"We are still in agreement that reaching a two-state solution through negotiations is the only solution," Heiko Maas said during a press conference in Amman with his Jordanian counterpart.
President Donald Trump's team in charge of the plan has said the initial summit will address the economic issues related to the conflict, specifically focusing on how foreign investment can improve the economic situation of the Palestinian people.
The conference's itinerary, which has not been publicized in detail, has already been heavily criticized for failing to address political concerns, which detractors see as the primary barriers to peace.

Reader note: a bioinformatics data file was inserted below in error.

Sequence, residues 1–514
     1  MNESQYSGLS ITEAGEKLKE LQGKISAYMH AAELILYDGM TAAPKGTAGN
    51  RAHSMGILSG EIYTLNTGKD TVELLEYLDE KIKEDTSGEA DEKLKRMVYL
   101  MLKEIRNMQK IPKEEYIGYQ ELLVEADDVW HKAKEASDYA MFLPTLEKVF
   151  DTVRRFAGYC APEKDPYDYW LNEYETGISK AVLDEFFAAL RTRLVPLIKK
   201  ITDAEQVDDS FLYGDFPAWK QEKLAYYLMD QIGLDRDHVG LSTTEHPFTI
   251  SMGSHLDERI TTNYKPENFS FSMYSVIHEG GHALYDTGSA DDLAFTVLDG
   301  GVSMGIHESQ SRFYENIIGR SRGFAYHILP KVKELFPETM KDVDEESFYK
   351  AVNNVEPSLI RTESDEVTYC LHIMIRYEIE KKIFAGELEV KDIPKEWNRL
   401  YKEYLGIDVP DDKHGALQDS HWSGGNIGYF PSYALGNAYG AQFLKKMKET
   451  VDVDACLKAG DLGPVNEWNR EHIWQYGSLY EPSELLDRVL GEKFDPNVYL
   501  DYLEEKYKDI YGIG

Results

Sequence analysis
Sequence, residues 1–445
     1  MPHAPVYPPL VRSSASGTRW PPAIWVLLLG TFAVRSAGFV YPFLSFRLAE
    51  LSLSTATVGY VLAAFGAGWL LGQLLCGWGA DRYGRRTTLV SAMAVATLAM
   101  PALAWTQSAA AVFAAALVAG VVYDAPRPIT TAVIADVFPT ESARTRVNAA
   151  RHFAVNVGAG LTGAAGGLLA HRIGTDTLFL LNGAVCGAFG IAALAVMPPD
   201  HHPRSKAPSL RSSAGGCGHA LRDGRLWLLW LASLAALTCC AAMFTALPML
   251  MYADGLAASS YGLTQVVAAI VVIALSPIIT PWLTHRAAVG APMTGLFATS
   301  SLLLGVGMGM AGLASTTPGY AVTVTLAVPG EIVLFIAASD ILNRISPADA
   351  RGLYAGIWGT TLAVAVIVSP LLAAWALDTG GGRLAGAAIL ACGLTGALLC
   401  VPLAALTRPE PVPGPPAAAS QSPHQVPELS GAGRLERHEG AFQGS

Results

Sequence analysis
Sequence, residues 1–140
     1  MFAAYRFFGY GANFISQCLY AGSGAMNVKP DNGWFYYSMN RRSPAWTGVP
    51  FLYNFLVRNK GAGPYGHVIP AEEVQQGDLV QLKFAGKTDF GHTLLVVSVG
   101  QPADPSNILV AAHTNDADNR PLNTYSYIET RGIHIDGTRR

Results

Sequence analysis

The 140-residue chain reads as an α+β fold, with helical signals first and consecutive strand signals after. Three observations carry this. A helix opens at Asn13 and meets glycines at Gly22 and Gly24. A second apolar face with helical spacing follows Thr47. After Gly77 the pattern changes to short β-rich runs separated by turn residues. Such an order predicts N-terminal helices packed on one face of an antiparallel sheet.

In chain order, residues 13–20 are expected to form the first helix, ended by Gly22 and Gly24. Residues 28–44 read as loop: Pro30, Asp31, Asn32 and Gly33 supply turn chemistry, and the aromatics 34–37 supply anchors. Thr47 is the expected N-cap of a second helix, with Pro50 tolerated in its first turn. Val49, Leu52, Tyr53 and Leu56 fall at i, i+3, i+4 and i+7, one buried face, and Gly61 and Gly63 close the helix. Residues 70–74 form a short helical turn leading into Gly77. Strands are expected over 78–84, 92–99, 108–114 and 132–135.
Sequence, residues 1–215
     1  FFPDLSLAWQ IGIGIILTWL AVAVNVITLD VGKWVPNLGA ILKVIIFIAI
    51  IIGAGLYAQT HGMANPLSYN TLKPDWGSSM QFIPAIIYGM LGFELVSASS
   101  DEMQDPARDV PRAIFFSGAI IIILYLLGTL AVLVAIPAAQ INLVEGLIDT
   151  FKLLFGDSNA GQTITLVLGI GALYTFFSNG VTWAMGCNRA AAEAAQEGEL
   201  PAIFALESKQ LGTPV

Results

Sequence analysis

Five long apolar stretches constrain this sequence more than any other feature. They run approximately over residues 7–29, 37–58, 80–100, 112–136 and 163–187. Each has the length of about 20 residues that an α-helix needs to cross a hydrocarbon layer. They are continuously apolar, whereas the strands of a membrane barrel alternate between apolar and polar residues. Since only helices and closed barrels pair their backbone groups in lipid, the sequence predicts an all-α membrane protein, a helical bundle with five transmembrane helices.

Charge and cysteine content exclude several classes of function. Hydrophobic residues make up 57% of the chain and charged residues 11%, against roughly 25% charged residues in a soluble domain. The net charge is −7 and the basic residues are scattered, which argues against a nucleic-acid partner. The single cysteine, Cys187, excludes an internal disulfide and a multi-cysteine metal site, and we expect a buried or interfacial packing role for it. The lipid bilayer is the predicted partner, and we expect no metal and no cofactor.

"We and Germany agree that the two-state solution is the only way to end the conflict," Jordanian Foreign Minister Ayman Safadi said.
Mass and Safadi met a day after U.S. Ambassador to Israel David Friedman was quoted by the New York Times as saying Israel had the "right" to annex at least parts of the West Bank.
The Palestinians have all but frozen diplomatic relations with Washington since Trump announced the US embassy would move from Tel Aviv to Jerusalem, effectively recognizing the disputed city as Israel's undivided capital. Palestinian officials have continuously slammed all US efforts to mediate, citing the more recent U.S. recognition of Israel's sovereignty in the Golan Heights as further evidence that Trump's administration is irredeemably biased.
Trump's son-in-law and senior adviser Jared Kushner, who is heading the peace plan's construction, has hinted that it will not endorse international calls for the creation of a Palestinian state.